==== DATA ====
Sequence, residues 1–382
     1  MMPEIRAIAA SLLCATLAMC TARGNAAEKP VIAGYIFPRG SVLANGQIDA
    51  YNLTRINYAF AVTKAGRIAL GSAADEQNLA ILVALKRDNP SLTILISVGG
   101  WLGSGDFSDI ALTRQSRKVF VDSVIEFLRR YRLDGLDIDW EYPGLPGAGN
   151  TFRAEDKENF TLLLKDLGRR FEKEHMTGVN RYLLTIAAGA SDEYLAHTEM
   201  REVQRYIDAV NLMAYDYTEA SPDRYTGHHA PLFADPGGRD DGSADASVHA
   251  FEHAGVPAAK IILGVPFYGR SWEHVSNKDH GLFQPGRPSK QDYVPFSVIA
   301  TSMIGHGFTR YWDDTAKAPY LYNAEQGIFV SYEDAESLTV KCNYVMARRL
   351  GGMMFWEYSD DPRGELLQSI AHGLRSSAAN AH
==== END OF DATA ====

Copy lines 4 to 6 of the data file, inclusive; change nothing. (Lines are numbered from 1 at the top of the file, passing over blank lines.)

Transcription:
   101  WLGSGDFSDI ALTRQSRKVF VDSVIEFLRR YRLDGLDIDW EYPGLPGAGN
   151  TFRAEDKENF TLLLKDLGRR FEKEHMTGVN RYLLTIAAGA SDEYLAHTEM
   201  REVQRYIDAV NLMAYDYTEA SPDRYTGHHA PLFADPGGRD DGSADASVHA